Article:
qrcode.29605084KevinDajeeTwitterYou see these strange looking square designs everywhere these days: cereal boxes, discount coupons, newspapers, posters, and adverts. Attending a recent comic-con event I was surprised to see QR codes in quite a few places that allowed me to scan and access further information about my favourite films and TV shows without needing to type in long web addresses. I even saw someone with a QR code tattooed on their arm next 2015-04-27 23.03.34to an image of a Xenomorph (from the Alien film franchise), unfortunately I did not get close enough to scan it and I am still curious as to where the code would have taken me! It is this feeling of curiosity and self-discovery in using smartphones to learn information that I wanted to bring to my teaching and learning environment.

So what are QR Codes? QR codes (where QR stands for Quick Response) are two-dimensional barcodes that can be read using devices such as smartphones, tablets and laptops. They can link directly to websites, videos, articles, social media pages and much more. All that is needed is a camera on your device and a QR code reader which can be downloaded for free as an app.12-QR-Quote-TonyVincent

The fact is that most students (especially  those aged 16-19 and adult learners) own mobile smartphones that can read QR codes in seconds. So, how can these little black squares be used in education and aid the techno-friendly teacher?

They are very easy to generate. To create a QR code linked to online resources, you only need to copy and paste the address of a web page or video link into some QR generating software. I tend to use qrstuff.com for online resource links and videos. However, for simple text based content that you would like being linked to a QR code you can use goqr.me. For Audio Voice based content- you can use qrvoice.net. With some software, you can change the colour schemes of the QR codes as well and in some cases even the shape and pattern.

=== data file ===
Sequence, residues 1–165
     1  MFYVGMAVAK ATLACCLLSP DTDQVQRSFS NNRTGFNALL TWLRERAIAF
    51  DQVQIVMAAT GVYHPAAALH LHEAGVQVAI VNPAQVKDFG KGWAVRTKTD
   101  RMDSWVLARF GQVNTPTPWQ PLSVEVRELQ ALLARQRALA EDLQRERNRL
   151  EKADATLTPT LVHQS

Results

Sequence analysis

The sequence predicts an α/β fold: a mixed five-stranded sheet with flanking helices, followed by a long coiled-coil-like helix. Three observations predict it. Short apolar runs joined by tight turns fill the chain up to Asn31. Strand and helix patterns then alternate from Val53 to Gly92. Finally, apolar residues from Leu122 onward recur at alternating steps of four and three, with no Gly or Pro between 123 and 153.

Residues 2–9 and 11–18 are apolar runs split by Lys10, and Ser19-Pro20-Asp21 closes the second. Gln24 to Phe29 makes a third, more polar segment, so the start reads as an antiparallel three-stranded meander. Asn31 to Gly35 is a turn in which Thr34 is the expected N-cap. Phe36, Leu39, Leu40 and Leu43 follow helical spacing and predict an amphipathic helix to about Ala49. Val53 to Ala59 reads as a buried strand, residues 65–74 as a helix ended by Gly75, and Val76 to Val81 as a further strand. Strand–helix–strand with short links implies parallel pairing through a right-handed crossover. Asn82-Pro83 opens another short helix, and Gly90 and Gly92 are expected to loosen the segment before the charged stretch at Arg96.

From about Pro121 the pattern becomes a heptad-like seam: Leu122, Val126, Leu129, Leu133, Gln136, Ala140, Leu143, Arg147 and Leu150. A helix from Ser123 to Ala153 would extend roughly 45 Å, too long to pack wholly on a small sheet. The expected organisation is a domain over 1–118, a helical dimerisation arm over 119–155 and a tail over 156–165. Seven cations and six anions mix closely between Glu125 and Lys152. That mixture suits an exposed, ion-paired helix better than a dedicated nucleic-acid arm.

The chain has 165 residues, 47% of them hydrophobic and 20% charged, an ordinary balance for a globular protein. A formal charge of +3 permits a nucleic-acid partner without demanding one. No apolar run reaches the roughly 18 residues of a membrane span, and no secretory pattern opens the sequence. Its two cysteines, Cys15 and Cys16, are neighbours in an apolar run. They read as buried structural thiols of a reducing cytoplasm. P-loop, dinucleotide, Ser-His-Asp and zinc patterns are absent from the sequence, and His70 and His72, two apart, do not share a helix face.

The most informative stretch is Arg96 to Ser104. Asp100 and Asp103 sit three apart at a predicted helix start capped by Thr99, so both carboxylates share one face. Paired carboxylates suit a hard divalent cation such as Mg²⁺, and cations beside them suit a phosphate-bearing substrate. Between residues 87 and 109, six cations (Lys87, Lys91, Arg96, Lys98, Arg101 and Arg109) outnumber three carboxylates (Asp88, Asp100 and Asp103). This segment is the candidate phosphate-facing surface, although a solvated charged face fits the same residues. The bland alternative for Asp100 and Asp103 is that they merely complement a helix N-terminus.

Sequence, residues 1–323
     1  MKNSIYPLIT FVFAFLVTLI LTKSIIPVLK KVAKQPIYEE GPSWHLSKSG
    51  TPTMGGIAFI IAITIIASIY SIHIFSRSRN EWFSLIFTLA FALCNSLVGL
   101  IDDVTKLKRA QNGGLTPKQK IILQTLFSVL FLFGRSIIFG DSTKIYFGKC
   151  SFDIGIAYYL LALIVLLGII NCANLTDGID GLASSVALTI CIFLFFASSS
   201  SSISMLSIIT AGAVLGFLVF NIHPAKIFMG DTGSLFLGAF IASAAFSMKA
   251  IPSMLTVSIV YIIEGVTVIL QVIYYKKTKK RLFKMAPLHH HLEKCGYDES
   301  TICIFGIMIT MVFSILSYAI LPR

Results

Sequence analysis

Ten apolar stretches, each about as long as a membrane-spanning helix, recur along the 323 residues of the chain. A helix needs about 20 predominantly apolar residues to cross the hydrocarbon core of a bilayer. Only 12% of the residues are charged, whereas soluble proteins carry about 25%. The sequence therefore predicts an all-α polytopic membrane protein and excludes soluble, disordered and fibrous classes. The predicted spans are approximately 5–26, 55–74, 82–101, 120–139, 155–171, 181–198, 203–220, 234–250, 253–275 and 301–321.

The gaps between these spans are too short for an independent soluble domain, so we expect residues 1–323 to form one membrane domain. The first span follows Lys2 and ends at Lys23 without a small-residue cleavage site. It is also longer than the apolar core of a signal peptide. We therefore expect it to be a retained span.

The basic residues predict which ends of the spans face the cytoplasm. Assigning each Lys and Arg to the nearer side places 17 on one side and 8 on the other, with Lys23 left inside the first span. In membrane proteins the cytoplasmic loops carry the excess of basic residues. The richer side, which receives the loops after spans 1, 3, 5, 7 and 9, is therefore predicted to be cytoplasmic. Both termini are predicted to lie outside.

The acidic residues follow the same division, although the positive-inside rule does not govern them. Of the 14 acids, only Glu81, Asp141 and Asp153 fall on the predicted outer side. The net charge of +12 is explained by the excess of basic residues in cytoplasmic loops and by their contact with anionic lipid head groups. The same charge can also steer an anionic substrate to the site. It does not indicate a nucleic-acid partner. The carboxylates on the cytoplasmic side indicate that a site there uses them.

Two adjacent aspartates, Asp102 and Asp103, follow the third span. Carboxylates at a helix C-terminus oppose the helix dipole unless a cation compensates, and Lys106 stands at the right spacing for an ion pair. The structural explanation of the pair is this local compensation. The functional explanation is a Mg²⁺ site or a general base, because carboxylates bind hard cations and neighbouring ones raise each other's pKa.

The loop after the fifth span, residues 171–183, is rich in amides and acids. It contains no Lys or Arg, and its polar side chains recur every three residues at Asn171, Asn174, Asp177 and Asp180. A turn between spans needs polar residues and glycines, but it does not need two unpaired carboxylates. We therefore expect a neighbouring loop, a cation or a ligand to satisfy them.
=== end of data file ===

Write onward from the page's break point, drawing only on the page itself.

Once you have produced your code, you can then transfer it to your teaching resource, leave it on the interactive whiteboard for students to scan, or print on the material of your choice.

I have found that using technology that students actively use like QR codes and Smartphones can create extra engagement and a sense of curiosity and discovery. There are lots of ways QR codes can be used, and with creativity the possibilities are infinite. Most recently in the teaching of Psychology, I have successfully used them in the following ways:

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Learning Stations- Placing codes in different areas of the room or on tables, these will take students (can be in groups) to different online activities, videos or content. Students gather and note down information and discuss findings.

Quizzes and Questioning- Inputting a series of questions and answers within codes in a treasure hunt type activity, in which classtools.net can be used.

Use as a Resource Link in work booklets and handouts: linking students to examples of essays, videos, mark schemes, articles and instructions to a task

Provide Extension Assignments- A great way to provide optional activities for students who want to excel is to simply put the code on an assignment and let them follow it to the extension activity or question.

Incorporated in Posters and information handouts- Placed at school/college events and promotional material.

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As teachers we don’t necessarily want fancy gizmos or expensive and complex software; time and efficiency is important to us. We have an opportunity to utilise resources that we generally already have access to inside and outside of our classrooms:

Smartphones & QR codes- Together they are simply another tool in your teacher’s toolbox which can create some interesting lessons!

If you have any further ideas of how QR codes could be used please share!

Kevin Dajee (Follow on Twitter & Facebook)

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